In what ways can digital technologies exacerbate or challenge extant power hierarchies both in the classroom and in the world beyond the classroom? How can digital technologies empower historically-silenced and excluded students? In this interactive session, five panelists will share some answers to these questions drawn from our own experiences as feminist scholars and educators. … Continue reading Building a Feminist Future: On (Digital) Pedagogical Praxis
The Smithsonian Learning Lab is a web platform that allows users to discover Smithsonian Institution digital resources, and use them to create and share collections tailored to their needs and that of their target audiences. Concurrent with the Smithsonian Learning Lab‘s launch in 2016, several Smithsonian divisions started using the platform. This report, Documenting the Use of … Continue reading Smithsonian Center for Learning and Digital Access
In my spare time, I like to contribute to crowdsourced transcription projects for various research and educational initiatives. Places I transcribe/edit/review: Wikipedia SI Transcription Center Colored Conventions Freedom on the Move
The HASTAC Scholars fellowship program is a student-driven community of graduate and undergraduate students who are working at the intersection of technology and the arts, humanities, and sciences. Scholars work to rethink pedagogy, learning, research, and academia for the digital age. As a 2016-2018 HASTAC Scholar, I’ve participated in the following projects: A crowdsourced book review … Continue reading HASTAC Scholars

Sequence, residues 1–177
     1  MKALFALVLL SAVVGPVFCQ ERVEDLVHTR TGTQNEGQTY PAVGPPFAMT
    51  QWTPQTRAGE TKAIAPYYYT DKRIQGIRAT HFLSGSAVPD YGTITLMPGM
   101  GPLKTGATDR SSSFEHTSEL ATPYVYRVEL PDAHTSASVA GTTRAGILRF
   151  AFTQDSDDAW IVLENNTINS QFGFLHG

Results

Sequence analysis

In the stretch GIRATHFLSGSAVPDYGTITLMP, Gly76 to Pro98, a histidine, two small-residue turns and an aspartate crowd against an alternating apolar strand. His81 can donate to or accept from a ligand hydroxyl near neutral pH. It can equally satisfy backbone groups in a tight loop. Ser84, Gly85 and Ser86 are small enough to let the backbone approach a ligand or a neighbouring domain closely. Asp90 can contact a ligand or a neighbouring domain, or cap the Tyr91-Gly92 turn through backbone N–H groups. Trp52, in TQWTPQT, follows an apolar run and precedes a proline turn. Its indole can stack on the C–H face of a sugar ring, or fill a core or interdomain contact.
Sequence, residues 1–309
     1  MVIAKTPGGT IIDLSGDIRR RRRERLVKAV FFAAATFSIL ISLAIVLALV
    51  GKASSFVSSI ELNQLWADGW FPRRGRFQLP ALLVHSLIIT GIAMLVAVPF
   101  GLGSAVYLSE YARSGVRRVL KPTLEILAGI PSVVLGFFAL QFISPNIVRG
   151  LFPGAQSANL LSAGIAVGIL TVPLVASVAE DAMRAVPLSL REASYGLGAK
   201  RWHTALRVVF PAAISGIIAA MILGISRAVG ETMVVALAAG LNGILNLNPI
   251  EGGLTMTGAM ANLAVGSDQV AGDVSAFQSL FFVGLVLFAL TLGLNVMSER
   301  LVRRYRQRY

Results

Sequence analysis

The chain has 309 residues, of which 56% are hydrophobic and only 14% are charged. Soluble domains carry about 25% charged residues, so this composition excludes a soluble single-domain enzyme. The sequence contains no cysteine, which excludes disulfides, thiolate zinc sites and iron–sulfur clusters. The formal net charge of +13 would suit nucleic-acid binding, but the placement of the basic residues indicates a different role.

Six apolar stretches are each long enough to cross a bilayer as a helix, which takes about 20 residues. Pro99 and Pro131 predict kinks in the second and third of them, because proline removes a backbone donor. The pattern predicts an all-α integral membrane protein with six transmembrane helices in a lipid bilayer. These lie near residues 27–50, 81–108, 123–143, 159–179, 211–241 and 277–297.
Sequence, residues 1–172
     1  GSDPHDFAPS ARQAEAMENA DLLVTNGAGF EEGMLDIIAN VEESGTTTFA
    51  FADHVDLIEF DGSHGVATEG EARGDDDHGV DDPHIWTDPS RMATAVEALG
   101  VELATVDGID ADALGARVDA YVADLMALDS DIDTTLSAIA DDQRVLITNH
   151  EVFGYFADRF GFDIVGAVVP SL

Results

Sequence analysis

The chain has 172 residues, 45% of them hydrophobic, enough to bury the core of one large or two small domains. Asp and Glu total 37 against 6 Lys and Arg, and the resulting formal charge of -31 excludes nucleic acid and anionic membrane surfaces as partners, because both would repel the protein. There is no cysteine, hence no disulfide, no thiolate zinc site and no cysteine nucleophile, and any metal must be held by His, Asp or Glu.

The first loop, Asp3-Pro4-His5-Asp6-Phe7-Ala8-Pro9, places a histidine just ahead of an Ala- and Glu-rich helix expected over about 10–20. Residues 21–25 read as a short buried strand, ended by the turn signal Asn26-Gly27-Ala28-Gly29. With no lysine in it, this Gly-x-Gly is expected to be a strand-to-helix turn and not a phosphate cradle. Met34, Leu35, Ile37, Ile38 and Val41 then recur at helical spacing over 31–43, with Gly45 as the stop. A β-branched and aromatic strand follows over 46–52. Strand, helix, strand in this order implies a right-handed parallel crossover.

In this project, created for a digital storytelling course at Brown University, I scraped Twitter data from nine “rogue” government Twitter accounts. Following the inauguration of President Trump, multiple rogue accounts have launched in order to operate as a form of digital resistance and advocacy. Often designated by “Alt” or “Rogue” or “Resistance” in their handles, … Continue reading #Resistance: What Can Alt-Government Twitter Teach Us?
As Digital Projects Assistant for Steven Lubar, I developed an interactive timeline as a digital companion to his book, Inside the Lost Museum: Curating, Past and Present (to be published July 2017 by Harvard University Press.) Navigating Tiki-Toki, users can explore museum history through four major themes: collect, display, preserve, and use. Photographs, quotes, and videos reveal highlights, … Continue reading Tiki-Toki: Inside the Lost Museum
As Digital Projects Assistant for Steven Lubar, I developed visualizations in Tableau Public, Palladio, and Google Fusion to accompany the “Cataloging History” series. “Cataloging History” is a four-part series on the history and theory of museum and exhibition catalogs, focusing on the 1853 New York Crystal Palace. This first part considers the early history of … Continue reading Revisualizing the Crystal Palace